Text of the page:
A woman was sexually harassed on Meta’s VR social media platform. She’s not the first—and won’t be the last.
So its current strategy seems to be to release a string of updates to see what might get people interested—a “throw spaghetti at the wall and see what sticks” approach, if you will. 
Besides the Meta Quest Pro, the company also announced at the event that it was going to open up Horizon Worlds, the social media platform within Meta’s metaverse, to mobile and desktop users, so people without a headset will be able to access the virtual world.
That’s a notable step: it’s a tacit admission that VR headsets aren’t taking off as quickly as the company would like. Without a critical mass of people who understand what the metaverse feels like or even is, Meta can’t hope to have its products adopted. Opening its virtual worlds to the formats consumers are comfortable with (their text messages, their browsers, the company’s beleaguered Instagram platform) gives people who aren’t open to shelling out $399.99—much less $1,499.99—a way to experience the new world.
What’s also made the metaverse a hard sell is the disorienting experience of being a floating, legless torso, and Meta announced that it won’t be that way anymore. Previously, Andrew Bosworth, Meta’s CTO, said in an Instagram AMA that full-body avatars were difficult to implement, particularly because VR tracking usually comes from someone’s real-life eyes and hands. “Tracking your own legs accurately is super hard and basically not workable just from a physics standpoint with existing headsets,” he said in February.
But Zuckerberg (or, rather, his leggy avatar) announced at the event that the company was going to use artificial intelligence to map out legs in the metaverse, allowing avatars the ability not only to walk and run but also to wear digital clothing for their legs (a marketplace that Zuckerberg has said he is eager to participate in; Roblox, a gaming platform I’ve written about before, currently has a comfortable share of the market). This would be a huge step to improving how users think about movement in the metaverse and how they decide to represent themselves there.
But even with legs, and even with the ability to roam the metaverse without a headset strapped to your face, the key question remains: Is Meta’s metaverse something people will actually buy into? It’s worth noting that even employees at Meta are skeptical about the company’s vision, with one going so far as to say the amount spent on these projects to date made him “sick to [his] stomach.”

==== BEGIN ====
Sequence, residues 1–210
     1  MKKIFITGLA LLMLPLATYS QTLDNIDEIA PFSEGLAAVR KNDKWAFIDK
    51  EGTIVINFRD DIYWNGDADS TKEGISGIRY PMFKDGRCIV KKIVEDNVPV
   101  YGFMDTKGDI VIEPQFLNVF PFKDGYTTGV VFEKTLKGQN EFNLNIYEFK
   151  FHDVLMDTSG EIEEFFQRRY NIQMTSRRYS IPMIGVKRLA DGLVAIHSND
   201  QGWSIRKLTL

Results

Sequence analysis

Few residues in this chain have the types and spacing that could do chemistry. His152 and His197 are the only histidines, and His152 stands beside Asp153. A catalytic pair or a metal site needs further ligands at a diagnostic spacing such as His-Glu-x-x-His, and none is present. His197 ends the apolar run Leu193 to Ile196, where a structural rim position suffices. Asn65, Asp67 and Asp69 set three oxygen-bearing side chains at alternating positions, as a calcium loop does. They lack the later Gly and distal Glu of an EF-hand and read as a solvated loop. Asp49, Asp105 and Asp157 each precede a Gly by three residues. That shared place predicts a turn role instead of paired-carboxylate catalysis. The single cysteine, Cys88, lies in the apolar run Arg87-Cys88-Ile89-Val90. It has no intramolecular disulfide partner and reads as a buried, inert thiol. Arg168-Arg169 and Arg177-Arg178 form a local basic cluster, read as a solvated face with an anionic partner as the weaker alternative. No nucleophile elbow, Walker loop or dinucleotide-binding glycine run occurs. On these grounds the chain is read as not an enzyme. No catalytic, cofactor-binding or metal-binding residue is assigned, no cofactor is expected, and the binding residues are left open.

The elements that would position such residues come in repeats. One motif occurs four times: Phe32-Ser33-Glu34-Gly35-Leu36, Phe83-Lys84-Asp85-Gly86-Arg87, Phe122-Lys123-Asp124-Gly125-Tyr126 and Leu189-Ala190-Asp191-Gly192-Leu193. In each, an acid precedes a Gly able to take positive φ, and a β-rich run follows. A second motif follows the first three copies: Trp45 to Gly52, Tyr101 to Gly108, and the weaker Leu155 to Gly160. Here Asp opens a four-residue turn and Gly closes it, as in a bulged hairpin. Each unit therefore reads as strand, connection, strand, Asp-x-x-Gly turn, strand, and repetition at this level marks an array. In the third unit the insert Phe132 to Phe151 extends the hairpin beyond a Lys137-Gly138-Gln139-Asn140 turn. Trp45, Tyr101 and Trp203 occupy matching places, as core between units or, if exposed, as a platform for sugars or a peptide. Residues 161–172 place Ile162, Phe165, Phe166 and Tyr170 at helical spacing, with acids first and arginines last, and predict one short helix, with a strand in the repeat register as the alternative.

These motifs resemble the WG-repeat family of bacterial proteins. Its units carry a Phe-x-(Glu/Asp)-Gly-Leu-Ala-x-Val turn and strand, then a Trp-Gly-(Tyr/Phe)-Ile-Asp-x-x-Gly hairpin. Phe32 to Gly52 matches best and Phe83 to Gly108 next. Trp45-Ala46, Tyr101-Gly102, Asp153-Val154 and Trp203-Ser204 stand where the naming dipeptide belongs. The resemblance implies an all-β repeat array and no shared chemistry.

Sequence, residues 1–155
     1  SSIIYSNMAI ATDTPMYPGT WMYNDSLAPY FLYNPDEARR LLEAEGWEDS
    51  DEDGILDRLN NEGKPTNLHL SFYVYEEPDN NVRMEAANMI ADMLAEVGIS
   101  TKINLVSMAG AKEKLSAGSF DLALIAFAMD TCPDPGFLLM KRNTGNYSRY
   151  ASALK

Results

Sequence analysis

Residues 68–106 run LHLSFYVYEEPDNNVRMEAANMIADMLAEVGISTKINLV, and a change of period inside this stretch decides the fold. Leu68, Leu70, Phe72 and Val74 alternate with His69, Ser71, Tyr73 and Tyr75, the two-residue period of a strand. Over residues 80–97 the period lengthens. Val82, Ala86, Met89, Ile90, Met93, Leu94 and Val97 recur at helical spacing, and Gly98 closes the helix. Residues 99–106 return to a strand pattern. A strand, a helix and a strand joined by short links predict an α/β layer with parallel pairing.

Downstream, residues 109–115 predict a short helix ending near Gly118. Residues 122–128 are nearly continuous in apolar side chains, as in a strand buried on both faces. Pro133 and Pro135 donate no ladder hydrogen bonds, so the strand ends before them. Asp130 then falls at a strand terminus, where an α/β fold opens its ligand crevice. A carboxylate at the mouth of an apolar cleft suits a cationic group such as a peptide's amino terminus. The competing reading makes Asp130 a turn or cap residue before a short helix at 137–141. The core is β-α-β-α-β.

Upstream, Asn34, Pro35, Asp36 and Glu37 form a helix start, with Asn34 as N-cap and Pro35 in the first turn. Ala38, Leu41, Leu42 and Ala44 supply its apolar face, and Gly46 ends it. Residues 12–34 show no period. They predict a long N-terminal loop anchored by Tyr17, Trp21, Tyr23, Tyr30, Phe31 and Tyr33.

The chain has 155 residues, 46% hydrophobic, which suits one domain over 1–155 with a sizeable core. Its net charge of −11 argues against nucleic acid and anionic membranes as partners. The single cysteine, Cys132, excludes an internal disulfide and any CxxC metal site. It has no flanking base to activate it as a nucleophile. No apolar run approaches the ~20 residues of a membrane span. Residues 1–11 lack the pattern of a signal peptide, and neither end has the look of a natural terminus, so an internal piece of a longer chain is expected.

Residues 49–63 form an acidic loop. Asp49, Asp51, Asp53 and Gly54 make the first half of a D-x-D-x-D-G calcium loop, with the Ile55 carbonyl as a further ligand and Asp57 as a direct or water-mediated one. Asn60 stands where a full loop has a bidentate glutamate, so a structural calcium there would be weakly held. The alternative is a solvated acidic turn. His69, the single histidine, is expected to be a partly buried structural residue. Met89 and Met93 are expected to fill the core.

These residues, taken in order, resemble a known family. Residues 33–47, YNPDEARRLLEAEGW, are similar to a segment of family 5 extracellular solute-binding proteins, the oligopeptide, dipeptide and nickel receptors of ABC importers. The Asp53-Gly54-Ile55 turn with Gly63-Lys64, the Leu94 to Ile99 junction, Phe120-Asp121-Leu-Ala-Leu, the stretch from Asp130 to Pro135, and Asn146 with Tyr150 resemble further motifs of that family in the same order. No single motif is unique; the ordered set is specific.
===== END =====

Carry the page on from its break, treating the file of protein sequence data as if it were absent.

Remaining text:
A free, shareable version of the metaverse accessible via weblink will open the previously closed world up to people who may not have hundreds of dollars to burn, and it’s a huge move toward democratizing the space. It might lead people to buy Meta’s claim that talking to a cartoon version of your boss is totally cool—and, more broadly, that the metaverse really is the next digital plane on which we’ll conduct our lives. 
But it might also do the opposite: people might hop on the link and find that even in its now full-bodied state, the metaverse, er, doesn’t have legs.
An avatar of the singer, who died in 1997, performed with live rappers on Meta’s Horizon Worlds.
In his own words, the Chinese painter shares how he became a one-person newsroom during a week of intense protests against China's zero-covid policy.
Reflecting on my desire for Chinese-style e-commerce platforms.
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OREO Launches Its Own VR Metaverse Experience – VRScout

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The OREOVERSE is available now via Horzion Worlds.
This week OREO unveiled a new limited-edition flavor, the Most OREO OREO, which features real OREO grind mixed in the creme. In celebration of the new product, the company has created its own metaverse experience accessible on Meta Quest 2 and Meta Quest Pro headsets.
According to the company, the OREOVERSE features a variety of “cookie-themed” games that have you building delicious treats in VR for a chance at $50,000. As part of the campaign, TV personality Martha Stewart and her gardener Ryan McCallister will stream themselves exploring the OREOVERSE next week on the OREO brand’s social channels.
“We’re so excited to enter the metaverse! OREO is the cookie that begs to be played with and we love to create new opportunities for our fans to connect with each other and share that playful spirit,” said Julia Rosenbloom, Senior Brand Manager, OREO, in an official release. “The Most OREO OREO cookie gives fans a whole new way to playfully engage with us. By scanning the pack, they will ‘dunk into’ the new OREOVERSE world.”
“I am excited to make my metaverse debut in partnership with one of my favorite cookie brands, OREO, and having Ryan there with me will make it all the more fun,” added Martha Stewart. “The two of us have had our fair share of adventures over the last 10 years and have been able to navigate just about anything together, especially in the garden!”
The OREOVERSE is accessible now on Meta Quest 2 and Meta Quest Pro headsets via Horizon Worlds, Meta’s own social VR metaverse. Marth Stewart’s OREOVERSE excursion will begin on Monday, January 30th at 10:00 am ET on Facebook and Instagram. For more information visit here.
Image Credit: OREO
Kyle is a writer for VRScout also working in new media production. He’s also a part-time bounty hunter.